Friday, November 17, 2017

Go Online For Slavery Biography Sites

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By Laura Carter

There are many fascinating stories of men, women, and children who lived at least part of their lives as slaves. In America, we tend to think of enslaved blacks before the Civil War. However, there have been slaves all over the world, many of whom influenced history. Reading slavery biography is a good way to learn world history, as well as appreciate the nature of people denied freedom.

Many sites are devoted to keeping the memory of famous slaves alive. Often we know of these 'hidden' people through their own words, either spoken or written. Sometimes their history is recorded in newspapers or in the words of others who were their contemporaries. Scholars have long loved to piece together the life stories of people which illustrate dramatic events in the past.

Many of the best known slaves were in ancient times, before America was even 'discovered'. Aesop, the author of the fables most children read, was a slave. Spartacus was a gladiator, and a slave, who led a slave revolt against Rome. Saint Patrick, slayer of the dragon, was an English boy captured by raiders and enslaved in Ireland. He later escaped back to England, returned to Ireland as a missionary, and converted the country to Christianity.

Moses was born a slave in ancient Egypt, although he was raised in Pharoah's household. He discovered he was a Hebrew, defended one of his people against an Egyptian overseer (unfortunately killing the man) and ran away to a far country. God called him back to the country of his enslavement to free his people and lead them to the Promised Land. We have his biography - some of it written by him - in the Bible.

It's easy to search online for brief accounts of slaves that have impacted history. After reading the short biographical notes online, those who want more information can look for autobiographies, collections of letters, or records of speeches that may have brought the person into prominence.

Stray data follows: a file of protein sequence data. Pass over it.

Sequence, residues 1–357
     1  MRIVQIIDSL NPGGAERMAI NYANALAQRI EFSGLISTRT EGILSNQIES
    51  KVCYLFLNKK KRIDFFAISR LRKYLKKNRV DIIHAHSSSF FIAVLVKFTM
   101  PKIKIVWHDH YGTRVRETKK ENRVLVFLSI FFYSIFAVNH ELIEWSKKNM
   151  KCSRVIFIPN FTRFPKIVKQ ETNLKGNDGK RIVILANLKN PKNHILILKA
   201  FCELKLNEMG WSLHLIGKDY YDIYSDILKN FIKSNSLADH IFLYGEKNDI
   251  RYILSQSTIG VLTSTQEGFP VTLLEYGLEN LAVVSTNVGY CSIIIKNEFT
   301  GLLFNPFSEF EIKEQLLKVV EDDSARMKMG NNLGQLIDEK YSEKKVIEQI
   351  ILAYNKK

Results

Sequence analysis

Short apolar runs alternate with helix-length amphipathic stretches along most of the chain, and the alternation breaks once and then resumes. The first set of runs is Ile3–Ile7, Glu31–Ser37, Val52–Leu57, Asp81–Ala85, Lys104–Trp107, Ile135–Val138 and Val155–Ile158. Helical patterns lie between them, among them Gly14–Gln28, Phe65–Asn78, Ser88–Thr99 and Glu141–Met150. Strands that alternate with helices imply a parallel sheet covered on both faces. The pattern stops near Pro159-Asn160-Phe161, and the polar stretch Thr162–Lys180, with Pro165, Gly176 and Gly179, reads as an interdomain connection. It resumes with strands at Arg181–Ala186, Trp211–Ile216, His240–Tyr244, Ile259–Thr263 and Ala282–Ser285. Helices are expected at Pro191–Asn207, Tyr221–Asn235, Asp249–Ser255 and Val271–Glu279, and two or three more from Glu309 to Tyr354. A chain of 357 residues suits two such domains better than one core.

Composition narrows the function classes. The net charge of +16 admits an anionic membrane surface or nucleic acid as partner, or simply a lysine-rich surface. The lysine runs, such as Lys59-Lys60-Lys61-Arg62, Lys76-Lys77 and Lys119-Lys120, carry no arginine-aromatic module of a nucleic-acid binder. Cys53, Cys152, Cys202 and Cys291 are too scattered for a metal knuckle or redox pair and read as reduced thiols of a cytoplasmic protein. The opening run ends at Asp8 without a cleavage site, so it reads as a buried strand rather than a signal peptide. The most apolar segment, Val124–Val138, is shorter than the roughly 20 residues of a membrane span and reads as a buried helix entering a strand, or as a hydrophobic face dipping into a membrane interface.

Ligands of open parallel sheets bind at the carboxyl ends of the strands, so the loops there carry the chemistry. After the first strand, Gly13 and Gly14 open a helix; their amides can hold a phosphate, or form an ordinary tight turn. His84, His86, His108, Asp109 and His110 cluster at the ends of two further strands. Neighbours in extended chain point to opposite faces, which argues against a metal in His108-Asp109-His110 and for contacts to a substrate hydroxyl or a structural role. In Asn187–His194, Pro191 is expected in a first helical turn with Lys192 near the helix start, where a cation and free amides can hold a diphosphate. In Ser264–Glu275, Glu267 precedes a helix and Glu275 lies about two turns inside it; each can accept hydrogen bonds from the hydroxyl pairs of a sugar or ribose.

Dred Scott sued for his freedom and that of his family. Although he was unsuccessful, public opinion was on his side and this helped further the cause of emancipation for all blacks. A young slave named Celia killed her abusive master and was tried for his murder. Margaret Garner, a slave who escaped with her husband and children, was tried for the murder of her young daughter, whom she killed during their recapture. She preferred to see her children dead than returned as slaves.

There are books based on true events that tell of settlers along the frontier captured and enslaved by Indians. Ann Calhoun was a white girl captured by the Cherokee at age 4 who spent three years as a slave, being fairly kindly treated. Tales of dramatic escapes and harrowing rescues are part of American folklore and history.

To really understand the plight - and the bravery - of enslaved peoples, read their personal accounts. Many blacks were uneducated - teaching them to read and write was against the law - so they are remembered for their words. A famous speech by Sojourner Truth, a former New York slave, entitled 'Ain't I A Woman?' has been immortalized in prose and a film. Frederick Douglas escaped slavery in Maryland to become a prominent abolitionist, orator, writer, and statesman in Massachusetts. He fought for an end to slavery, rights for women, and better treatment for Irish immigrants.

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